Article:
Four Cannabis-Related Bills Took Effect In Maine This Week

Four cannabis-related bills in Maine took effect this week, shoring up regulatory gaps around cannabis delivery, hiring, and protections for caregivers.

Full story after the jump.

Three cannabis-related bills in Maine took effect on Tuesday without the signature of Gov. Janet Mills (D). The bills cover cannabis home delivery and curbside pickup, the expansion of legal protections for caregivers and other medical cannabis access reforms, and the repealing of prohibitions on hiring cannabis industry applicants with certain prior cannabis convictions.

Mills signed into law a fourth measure providing the opportunity for municipalities to receive financial reimbursements for costs associated with licensing and regulating cannabis businesses.

NORML State Policies Manager Jax James said in a statement that the bills are “common-sense changes” that “will further facilitate patients’ and others’ access to medical cannabis products and will provide opportunities for greater inclusivity within Maine’s licensed marijuana industry.”

The legislation permits reimbursement of up to $20,000 for expenses like legal fees and other costs associated with drafting or amending ordinances, conducting town meetings, or holding elections, according to a Financial Regulation News report. Funding would come from the Adult Use Marijuana Public Health and Safety and Municipal Opt-in Fund, which receives its funding from sales and excise taxes imposed on adult-use cannabis sales.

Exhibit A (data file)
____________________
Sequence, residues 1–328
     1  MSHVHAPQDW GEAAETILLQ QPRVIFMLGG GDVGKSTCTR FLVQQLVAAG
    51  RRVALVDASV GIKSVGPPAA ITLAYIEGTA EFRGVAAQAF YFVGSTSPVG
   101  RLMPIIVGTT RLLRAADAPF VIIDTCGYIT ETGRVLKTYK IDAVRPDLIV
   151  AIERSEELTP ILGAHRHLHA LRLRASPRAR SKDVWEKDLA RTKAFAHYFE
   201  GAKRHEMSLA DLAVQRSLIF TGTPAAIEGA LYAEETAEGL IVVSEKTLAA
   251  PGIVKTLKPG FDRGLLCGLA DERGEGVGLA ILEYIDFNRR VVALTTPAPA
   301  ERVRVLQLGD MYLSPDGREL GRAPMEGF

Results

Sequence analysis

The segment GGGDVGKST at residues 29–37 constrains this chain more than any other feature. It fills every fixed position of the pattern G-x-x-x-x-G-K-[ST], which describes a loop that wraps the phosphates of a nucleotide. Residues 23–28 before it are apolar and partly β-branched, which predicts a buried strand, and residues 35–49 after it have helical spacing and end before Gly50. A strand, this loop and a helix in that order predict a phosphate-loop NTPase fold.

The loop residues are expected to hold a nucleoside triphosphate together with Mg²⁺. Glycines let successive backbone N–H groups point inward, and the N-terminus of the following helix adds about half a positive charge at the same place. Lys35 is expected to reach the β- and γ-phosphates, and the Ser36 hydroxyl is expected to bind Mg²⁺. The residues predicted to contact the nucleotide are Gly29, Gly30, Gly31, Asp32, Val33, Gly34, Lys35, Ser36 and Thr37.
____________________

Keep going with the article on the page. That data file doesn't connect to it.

The bill allowing home delivery and curbside pickup includes language allowing the delivery of immature plants and seedlings. All deliveries must be conducted by licensed retailers and all customers must be 21-and-older.

The measure addressing state caregivers provides many new protections, including limiting the circumstances under which a law enforcement officer may access a location in which a caregiver, dispensary, manufacturing facility, or cannabis testing facility operates. The bill also limits disclosure to a law enforcement officer of information that could reasonably identify an individual patient’s identity without a warrant requiring the disclosure.

The bill also prohibits regulators from requiring a registered caregiver, registered dispensary, testing facility, or manufacturing facility to use a particular electronic system for tracking inventory.

The legislation also authorizes the use of telehealth for medical providers to meet with patients seeking a medical cannabis recommendation and allows for educational materials to be given to patients electronically.

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